However, in this lab practical, we are dealing with an alternative version of Charless

    law instead. The volume is kept constant in change for pressure instead as the objective of the

    experiment is to determine the relationship between pressure and temperature of ideal gas.

    The expression is as shown:

    p = constant x T (at constant volume)

    *This version of law also indicates that the pressure of gas falls to zero as the

    temperature is reduced to zero (Atkins, 2002).

    Thus it can be seen that gas pressure and the temperature are directly proportional to

    one another. When the pressure increases, the temperature also increases, and vice versa.

    P T

    P = constant T

    P/T = constant

    P1/T1 = P2/T2

    P1T2 = P2T1

    The equations above apply in the gas of dealing with the relationship between

    pressure and temperature of a gas.

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    Figure 2: Mathematical/Graphical relationship between pressure of a fixed mass of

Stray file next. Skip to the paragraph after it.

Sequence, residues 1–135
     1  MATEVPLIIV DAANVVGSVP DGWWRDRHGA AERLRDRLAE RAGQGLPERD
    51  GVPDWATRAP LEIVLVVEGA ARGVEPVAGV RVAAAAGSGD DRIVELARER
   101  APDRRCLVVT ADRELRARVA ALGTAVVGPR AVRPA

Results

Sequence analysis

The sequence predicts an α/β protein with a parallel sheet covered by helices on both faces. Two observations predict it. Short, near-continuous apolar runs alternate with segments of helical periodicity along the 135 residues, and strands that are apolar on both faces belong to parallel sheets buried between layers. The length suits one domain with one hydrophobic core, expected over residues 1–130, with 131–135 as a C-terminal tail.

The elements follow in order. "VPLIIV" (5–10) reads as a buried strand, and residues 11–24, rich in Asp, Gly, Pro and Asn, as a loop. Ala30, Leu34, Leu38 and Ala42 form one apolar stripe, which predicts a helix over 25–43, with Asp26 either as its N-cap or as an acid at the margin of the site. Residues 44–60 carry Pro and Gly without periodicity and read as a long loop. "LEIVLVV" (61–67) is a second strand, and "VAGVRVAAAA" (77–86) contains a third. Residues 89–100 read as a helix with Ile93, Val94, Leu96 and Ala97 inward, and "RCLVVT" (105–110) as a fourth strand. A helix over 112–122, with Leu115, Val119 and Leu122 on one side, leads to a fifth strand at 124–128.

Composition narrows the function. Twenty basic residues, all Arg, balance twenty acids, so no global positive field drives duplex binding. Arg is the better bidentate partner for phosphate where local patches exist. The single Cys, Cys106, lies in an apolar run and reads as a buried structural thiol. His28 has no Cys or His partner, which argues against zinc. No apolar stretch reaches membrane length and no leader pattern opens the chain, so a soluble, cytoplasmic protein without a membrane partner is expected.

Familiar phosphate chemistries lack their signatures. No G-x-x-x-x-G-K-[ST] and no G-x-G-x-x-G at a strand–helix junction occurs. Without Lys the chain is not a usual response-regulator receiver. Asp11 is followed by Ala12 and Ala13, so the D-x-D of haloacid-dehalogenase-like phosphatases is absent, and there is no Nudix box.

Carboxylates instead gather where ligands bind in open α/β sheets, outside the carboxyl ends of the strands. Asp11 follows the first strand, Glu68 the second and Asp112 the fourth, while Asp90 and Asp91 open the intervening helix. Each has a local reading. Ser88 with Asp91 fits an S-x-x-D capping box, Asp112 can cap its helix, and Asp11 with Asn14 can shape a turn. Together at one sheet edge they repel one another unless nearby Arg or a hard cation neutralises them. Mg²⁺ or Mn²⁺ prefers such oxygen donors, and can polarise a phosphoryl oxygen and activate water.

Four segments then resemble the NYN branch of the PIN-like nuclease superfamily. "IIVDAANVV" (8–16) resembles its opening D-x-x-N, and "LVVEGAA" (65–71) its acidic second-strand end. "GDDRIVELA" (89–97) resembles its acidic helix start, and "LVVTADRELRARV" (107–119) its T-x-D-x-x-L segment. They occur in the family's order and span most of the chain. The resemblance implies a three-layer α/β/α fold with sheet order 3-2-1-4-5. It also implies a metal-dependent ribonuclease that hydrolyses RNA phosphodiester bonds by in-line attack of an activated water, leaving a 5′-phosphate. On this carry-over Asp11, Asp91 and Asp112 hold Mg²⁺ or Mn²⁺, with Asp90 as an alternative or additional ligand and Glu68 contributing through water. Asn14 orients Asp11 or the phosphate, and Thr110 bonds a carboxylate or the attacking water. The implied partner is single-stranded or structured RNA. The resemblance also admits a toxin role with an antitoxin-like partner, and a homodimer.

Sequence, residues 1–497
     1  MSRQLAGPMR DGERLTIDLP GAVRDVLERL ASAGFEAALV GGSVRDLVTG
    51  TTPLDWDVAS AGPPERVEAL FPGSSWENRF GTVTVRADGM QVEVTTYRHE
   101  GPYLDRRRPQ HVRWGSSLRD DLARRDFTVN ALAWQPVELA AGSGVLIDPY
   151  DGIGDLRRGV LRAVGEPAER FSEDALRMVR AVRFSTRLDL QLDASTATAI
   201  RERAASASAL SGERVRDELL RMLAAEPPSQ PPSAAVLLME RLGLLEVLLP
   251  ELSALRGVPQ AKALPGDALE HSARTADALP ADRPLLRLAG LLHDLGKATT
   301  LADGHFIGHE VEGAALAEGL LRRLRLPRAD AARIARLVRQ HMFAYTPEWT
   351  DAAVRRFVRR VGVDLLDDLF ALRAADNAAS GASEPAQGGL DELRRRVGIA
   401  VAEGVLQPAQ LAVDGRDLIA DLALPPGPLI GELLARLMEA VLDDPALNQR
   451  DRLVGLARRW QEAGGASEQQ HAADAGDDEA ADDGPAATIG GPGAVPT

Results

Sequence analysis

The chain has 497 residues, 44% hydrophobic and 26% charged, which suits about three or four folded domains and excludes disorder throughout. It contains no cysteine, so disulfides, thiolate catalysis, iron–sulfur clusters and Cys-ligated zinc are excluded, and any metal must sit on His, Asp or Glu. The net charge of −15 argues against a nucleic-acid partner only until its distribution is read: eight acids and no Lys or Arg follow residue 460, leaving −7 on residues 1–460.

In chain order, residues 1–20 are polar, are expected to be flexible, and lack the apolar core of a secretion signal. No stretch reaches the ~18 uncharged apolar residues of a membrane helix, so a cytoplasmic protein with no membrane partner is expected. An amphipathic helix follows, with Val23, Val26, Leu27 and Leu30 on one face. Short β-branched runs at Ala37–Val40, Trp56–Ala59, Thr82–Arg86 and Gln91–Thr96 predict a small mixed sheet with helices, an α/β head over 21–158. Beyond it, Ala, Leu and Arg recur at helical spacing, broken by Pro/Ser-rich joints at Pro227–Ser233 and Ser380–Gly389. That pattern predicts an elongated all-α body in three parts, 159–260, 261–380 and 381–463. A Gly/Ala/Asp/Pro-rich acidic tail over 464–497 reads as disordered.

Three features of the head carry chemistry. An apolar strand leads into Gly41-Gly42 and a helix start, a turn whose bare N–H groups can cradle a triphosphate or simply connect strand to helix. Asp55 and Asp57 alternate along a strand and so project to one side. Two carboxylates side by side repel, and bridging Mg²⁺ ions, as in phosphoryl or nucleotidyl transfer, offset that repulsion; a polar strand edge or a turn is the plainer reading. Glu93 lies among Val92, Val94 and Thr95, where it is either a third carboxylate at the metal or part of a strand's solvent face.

gas with temperature at a constant volume is linear. The volume is constant.

    Isentropic Expansion Process

    Isentropic basically means no change in entropy. According to grc.nasa.gov, entropy

    has a variety of physical interpretations, including the statistical disorder of the system, but

    often perceived to be just another property of the system, like enthalpy or temperature. The

    Second Law of thermodynamics can be expressed in terms of the entropy, S, as another state

    of function:

    The entropy of an isolated system increases in the course of a spontaneous change:

    Stot > 0

    Where Stot is the total energy of the system and its surroundings. Thermodynamically

    irreversible processes (like cooling to the temperature of surroundings and the free expansion

    of gases) are spontaneous processes, and hence must be accompanied by an increase in total

    entropy (Atkins, 2002: 92).